Fraud Alert vs Credit Freeze: What’s the Difference?

Looking for ways to protect your identity? One way to do that is making sure you are taking extra precautions securing your credit score. Every year, thousands of people fall victim to identity theft, which is why you should take steps to ensure that your credit stays safe.

Two to options to consider are fraud alerts and credit freezes. But what’s the difference?

Fraud Alert

A fraud alert makes companies verify your identity before granting new credit in your name. Usually, that means calling you to check if you’re really trying to open a new account. Placing a fraud alert is easy – you contact any one of the three nationwide credit reporting agencies (Equifax, Experian, TransUnion) and that one must notify the other two. A fraud alert is free and lasts one year.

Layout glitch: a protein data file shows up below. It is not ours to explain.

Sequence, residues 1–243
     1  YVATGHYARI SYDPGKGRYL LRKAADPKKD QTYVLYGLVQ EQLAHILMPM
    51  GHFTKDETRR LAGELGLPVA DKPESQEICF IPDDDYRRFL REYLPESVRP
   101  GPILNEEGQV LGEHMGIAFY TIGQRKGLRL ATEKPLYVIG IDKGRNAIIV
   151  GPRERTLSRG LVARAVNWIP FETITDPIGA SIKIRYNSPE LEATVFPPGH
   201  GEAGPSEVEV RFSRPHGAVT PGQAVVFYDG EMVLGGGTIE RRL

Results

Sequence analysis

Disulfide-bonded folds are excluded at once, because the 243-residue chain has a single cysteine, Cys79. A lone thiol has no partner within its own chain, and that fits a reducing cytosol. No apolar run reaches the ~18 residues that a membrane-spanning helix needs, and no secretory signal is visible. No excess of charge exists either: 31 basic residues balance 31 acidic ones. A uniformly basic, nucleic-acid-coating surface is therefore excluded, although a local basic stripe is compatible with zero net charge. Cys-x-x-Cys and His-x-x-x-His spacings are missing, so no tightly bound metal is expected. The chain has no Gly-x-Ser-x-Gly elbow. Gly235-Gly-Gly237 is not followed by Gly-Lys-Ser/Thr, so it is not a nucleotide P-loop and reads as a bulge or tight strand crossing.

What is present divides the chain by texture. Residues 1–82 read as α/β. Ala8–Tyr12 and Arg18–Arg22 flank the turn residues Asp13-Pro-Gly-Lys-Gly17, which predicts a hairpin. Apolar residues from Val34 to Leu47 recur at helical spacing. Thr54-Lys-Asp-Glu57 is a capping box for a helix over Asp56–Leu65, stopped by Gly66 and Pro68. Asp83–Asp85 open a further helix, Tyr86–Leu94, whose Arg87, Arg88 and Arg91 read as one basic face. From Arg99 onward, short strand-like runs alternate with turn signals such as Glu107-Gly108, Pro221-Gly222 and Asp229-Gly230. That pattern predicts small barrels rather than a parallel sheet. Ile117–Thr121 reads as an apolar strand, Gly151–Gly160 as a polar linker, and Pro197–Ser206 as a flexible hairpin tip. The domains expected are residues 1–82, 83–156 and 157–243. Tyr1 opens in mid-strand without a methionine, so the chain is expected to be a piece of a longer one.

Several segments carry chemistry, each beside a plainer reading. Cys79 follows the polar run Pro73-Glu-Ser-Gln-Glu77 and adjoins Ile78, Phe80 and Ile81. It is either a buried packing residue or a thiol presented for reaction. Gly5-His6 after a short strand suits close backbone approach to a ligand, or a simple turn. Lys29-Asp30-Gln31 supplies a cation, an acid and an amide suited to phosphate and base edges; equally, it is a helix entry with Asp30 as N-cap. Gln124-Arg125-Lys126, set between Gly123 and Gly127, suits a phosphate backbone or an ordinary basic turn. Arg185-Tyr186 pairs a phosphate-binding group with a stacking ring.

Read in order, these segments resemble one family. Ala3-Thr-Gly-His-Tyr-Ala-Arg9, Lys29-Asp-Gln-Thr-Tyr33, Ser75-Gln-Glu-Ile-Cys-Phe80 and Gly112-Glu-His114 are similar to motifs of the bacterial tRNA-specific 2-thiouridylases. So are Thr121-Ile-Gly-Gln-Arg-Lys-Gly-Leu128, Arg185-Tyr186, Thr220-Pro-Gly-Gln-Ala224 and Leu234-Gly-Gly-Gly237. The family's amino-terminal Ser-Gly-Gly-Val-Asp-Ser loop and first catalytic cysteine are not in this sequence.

Credit Freeze

A credit freeze limits access to your credit report so no one, including you, can open new accounts until the freeze is lifted. To be fully protected, you must place a freeze with each of the three credit reporting agencies. You’ll usually get a PIN or password to use each time you place or lift the freeze. A credit freeze is free and lasts until you lift it.

Which is Right for you?

 It depends on your personal circumstances. Both fraud alerts and credit freezes can make it harder for identity thieves to open new accounts in your name. With a fraud alert, you keep access to your credit. But freezes are generally best for people who aren’t planning to take out new credit, including older adults, people under guardianship, and children.

To place a fraud alert or credit freeze, use the credit bureaus contact information listed below.





Lisa Weintraub Schifferle, Attorney, FTC, Division of Consumer & Business Education

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